With exotic creatures, rare ecosystems found nowhere else in the world and a colorful history and indigenous culture, is Australia the real-life Neverland of Peter Pan? Maybe you won't have to battle pirates, but your imagination and thirst for raw adventure will be ignited when surrounded by prehistoric fauna in Daintree Rainforest or when staring into the gaping mouth of a giant clam in the Great Barrier Reef.
Thrill seekers flock to Australia to experience all this country has to offer, but to really get off the ol' beaten track, travelers with a taste for the unknown are turning to the outback towns in Australia, where lonely landscapes stretch to the sun, mining history tells the story of challenges and chance in the search for prosperity and everything from the bizarre to the beautiful can be discovered. Check out these 8 outback towns that may be small, but are packed with plenty to do and see.
Now that the Aerodrome has been completed, it's possible to fly direct from the state capital to remote Miles in Queensland and spend time exploring this rural outback town and it's dedication to preserving the area's history and culture. Visitors can delight in the exquisite recreation of the town's main street as it was at the turn of the century and walk through an old time post office, general store, pub and more. Other must-see sites include Dogwood Crossing@Miles and Chinaman's Lagoon for rare waterlilies.
Reach for the stars in Coonabarabran, where the sky is clear and clean- perfect for star gazers. Warrumbungle National Park features a unique mountain range consisting of towering, circular outcrops jutting high into the clouds from fluffy, green forest below. Camping, walking and bird watching are popular activities, with an abundance of various bird species and docile grey kangaroos. The park is Australia's only Dark Sky Park, and the Siding Spring Observatory, located on the outskirts of the park, houses the country's largest optical telescopes.
Take a stroll through time in this historical little mining town or stroll your way through the natural wonders of Mount Remarkable National Park, where walking trails through Alligator Gorge and Hidden Gorge will transfix you with colorful flora and dazzling red quartzite cliffs. Melrose is a haven for mountain bikers, boasting a multitude of trails in the foothills of Mount Remarkable and beyond. During June Long weekend, bike enthusiasts from all over Australia gather for the Fat Tyre Festival, one of Melrose's biggest events of the year.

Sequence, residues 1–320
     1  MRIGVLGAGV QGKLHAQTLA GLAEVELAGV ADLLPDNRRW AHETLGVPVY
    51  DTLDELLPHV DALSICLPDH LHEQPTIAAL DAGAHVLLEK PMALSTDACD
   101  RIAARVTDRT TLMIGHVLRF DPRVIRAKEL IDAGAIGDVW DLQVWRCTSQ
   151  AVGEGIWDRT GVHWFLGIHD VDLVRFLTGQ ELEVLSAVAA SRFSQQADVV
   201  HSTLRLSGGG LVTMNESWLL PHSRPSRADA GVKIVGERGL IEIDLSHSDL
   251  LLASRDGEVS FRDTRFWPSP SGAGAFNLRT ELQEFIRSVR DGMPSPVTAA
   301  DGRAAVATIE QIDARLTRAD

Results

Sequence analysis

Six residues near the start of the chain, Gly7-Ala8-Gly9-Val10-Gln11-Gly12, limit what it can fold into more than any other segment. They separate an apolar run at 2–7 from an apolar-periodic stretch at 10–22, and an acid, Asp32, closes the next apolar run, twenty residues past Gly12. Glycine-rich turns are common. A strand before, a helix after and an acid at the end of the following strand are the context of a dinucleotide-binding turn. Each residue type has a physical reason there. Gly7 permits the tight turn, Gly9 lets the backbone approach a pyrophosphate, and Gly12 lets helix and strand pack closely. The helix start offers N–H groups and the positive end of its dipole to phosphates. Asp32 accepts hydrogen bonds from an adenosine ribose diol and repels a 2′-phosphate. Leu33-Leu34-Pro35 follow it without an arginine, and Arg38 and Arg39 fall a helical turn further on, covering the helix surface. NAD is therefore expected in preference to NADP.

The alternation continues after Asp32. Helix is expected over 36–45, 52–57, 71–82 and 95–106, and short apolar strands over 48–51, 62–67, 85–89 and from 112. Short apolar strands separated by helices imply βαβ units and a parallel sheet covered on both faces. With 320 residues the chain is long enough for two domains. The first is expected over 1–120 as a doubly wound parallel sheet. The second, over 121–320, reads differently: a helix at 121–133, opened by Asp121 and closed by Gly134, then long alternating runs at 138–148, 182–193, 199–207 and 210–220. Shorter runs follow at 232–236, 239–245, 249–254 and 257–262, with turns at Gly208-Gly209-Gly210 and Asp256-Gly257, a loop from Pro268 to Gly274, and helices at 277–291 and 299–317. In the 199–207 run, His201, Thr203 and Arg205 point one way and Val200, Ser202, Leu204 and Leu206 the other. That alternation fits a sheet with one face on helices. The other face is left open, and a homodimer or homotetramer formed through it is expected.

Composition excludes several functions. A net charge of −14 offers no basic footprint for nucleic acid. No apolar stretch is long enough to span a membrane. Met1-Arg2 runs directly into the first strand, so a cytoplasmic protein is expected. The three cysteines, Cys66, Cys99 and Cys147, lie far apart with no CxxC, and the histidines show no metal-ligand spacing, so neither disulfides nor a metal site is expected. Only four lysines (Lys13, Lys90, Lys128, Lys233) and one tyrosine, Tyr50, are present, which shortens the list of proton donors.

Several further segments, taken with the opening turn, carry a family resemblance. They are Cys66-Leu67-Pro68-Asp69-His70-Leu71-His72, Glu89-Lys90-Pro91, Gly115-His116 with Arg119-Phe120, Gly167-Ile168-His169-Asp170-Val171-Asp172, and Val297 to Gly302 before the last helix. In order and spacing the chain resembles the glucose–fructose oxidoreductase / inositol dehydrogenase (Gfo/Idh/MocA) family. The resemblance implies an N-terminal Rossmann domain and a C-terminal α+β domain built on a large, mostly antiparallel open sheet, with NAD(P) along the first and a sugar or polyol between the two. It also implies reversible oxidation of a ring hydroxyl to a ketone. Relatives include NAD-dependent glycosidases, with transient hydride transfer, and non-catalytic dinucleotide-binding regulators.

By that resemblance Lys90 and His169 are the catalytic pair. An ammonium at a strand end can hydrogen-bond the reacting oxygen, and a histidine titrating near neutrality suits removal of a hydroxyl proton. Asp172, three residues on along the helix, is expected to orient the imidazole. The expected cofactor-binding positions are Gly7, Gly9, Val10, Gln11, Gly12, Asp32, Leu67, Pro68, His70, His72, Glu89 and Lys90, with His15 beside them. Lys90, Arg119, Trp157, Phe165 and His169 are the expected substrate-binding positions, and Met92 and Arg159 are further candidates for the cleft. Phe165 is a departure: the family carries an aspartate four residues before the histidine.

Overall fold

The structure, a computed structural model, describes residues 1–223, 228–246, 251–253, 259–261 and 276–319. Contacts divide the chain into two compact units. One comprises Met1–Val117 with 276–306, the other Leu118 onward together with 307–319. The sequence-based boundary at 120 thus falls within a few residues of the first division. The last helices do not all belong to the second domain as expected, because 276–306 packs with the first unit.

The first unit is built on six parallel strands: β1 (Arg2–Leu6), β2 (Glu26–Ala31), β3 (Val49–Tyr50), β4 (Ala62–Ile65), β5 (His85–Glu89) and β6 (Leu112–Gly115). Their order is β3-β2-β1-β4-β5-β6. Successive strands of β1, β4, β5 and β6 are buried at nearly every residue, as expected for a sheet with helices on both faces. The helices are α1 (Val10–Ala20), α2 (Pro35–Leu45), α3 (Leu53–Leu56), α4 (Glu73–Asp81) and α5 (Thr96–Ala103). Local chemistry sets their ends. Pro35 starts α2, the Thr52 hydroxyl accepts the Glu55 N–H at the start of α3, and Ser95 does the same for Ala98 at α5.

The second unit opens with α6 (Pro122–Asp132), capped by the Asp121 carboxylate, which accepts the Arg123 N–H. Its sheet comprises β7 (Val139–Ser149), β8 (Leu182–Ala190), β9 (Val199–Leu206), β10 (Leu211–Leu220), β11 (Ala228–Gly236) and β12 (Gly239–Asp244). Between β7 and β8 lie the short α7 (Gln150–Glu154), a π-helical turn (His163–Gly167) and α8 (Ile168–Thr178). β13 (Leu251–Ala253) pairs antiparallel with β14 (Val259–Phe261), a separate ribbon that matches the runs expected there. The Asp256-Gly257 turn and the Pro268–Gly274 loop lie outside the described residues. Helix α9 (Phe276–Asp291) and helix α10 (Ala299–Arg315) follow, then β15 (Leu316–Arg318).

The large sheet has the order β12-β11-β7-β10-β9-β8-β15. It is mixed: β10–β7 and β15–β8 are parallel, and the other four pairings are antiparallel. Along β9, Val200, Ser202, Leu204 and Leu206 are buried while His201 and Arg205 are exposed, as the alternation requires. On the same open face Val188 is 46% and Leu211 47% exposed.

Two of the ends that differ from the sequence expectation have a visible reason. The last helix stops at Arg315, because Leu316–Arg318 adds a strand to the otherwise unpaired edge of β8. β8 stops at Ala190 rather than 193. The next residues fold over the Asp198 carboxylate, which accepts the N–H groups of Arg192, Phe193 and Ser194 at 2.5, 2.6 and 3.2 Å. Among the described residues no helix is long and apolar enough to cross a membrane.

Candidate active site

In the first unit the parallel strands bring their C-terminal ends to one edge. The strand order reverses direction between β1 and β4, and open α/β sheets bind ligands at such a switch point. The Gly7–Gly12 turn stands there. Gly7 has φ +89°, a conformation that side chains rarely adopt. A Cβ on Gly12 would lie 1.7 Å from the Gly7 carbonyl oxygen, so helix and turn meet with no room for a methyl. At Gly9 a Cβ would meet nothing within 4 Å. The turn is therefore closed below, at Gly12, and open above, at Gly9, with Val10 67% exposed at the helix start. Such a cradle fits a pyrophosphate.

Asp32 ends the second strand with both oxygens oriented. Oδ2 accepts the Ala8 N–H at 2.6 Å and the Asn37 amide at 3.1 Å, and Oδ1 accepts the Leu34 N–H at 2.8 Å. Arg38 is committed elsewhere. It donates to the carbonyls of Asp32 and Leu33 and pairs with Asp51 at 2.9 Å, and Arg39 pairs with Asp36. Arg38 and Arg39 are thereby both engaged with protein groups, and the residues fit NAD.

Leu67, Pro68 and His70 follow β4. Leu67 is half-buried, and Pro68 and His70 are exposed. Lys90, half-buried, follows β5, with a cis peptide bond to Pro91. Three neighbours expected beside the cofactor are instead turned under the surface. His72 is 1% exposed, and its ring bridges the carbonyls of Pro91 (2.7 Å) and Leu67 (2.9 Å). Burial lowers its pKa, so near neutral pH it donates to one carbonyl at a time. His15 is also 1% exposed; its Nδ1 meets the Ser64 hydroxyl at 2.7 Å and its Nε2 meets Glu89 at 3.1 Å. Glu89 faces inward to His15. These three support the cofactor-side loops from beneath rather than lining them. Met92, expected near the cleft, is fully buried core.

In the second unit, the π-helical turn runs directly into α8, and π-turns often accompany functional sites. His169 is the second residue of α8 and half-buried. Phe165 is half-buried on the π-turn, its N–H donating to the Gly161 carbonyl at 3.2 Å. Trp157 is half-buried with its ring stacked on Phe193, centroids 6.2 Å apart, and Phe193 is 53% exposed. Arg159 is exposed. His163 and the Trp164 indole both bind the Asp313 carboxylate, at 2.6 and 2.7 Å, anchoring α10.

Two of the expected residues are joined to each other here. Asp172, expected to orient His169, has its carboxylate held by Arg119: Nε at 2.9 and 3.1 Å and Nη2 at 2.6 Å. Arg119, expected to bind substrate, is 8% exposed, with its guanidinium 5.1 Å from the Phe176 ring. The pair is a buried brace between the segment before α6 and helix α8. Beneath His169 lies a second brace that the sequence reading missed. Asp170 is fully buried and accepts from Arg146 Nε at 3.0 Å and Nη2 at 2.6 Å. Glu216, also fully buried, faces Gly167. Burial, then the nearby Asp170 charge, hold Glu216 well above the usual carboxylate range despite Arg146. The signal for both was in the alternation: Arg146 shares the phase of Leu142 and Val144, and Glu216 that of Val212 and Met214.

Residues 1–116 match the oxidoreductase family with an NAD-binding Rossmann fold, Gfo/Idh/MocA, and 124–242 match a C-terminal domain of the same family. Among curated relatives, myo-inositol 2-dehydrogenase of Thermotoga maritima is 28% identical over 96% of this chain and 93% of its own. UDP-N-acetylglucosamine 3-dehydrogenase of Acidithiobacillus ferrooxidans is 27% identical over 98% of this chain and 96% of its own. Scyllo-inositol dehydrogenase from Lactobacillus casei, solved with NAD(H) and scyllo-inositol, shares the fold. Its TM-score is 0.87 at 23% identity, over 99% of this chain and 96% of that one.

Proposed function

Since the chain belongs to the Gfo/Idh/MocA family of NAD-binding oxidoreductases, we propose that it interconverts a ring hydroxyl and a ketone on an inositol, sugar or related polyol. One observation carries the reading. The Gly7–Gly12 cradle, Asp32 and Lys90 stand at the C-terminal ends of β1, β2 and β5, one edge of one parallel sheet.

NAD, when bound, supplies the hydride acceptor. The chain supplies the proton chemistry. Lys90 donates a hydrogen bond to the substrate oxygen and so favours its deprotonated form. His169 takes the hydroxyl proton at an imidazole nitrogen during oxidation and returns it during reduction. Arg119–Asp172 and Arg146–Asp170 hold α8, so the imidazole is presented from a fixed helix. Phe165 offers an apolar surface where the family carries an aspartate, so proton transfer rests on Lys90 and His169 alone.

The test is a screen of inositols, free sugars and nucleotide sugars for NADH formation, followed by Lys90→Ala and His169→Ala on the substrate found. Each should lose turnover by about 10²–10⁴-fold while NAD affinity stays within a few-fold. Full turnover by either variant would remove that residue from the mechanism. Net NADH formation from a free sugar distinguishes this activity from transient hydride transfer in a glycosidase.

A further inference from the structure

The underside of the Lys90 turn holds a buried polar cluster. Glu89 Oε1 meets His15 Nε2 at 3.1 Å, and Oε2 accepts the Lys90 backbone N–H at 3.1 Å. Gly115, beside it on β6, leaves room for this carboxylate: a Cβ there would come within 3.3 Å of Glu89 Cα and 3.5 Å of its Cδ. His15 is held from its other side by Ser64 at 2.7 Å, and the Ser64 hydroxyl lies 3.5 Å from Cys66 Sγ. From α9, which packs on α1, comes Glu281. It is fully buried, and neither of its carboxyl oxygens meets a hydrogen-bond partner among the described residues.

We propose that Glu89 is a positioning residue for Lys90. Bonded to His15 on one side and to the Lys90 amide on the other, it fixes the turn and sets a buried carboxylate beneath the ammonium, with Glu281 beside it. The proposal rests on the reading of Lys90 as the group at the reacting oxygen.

History buffs should check out Longreach, where excellent museums abound. Learn all about Australia's stockman, where you can navigate the The Australian Stockman's Hall of Fame and Outback Heritage Centre. Longreach is also home to Qantas Airlines, with an award-winning museum that tells a story of the airlines origin through hands on displays and and detailed exhibits. If you want to get outdoors, charter flights are available to explore the stunning Lake Eyre Basin.
Alice Springs, NT
The attractions in Alice Springs are endless, bursting with history, indigenous art and wilderness adventure. Located close to World Heritage site, Uluru, you get more than just breathtaking ancient rock formations and unique terrain, but you can delve into aboriginal culture and the spirituality surrounding this vast desert land. Ever wanted to ride a camel? Hop aboard the hump of one of these gentle giants for a ride through Uluru-Kata Tjuta. At the end of the day, the subtle glow of star dappled skies beckon relaxation as you enjoy a romantic gourmet dinner amongst the dunes.
Coober Pedy, SA
Home to the largest opal-mining community in the world, this outback town in South Australia has a reputation for producing ample amounts of gem quality opal. Visitors can learn about the Coober Pedy mining history at Umoona Opal Mine & Museum and shop for fine, one-of-a-kind jewelry. Another distinctive feature of the town are the "dugouts" or caves that were carved out of the ground. These unusual abodes allow residents to enjoy a more temperate climate and escape the scorching summers. Over 3000 people live underground and besides houses there are "dugout" hotels, bars, churches and art galleries.
There is plenty of fascination found in Kalgoorlie- Boulder; twin towns birthed from the discovery of mining opportunities. Visitors can observe regular blasts at an open-cut mine still in use or get a glimpse into Australia's pioneer past at the mining ghost towns that still haunt the region. The wilderness is not to disappoint, with salt lakes that shimmer white and stretches of land colored burnt red and orange. Lake Ballard is home to 51 steel sculptures by famous British artist Antony Gormley; a collection of lonely skeletal figures wandering the barren white salt plains like mirages of the lost.
One of the southernmost Australian outback towns in Queensland, this lightly populated town is known for horse races, which swells the population to the thousands come September. But, this outback town isn't just for horse lovers. Nature enthusiasts can explore the impressive sand dunes of the Simpson Desert or enjoy the pristine scenery of the Diamantina River. Outback tours from Brisbane to Birdsville are also available for prime four-wheel-drive road tripping through the remote terrain of the sprawling outback.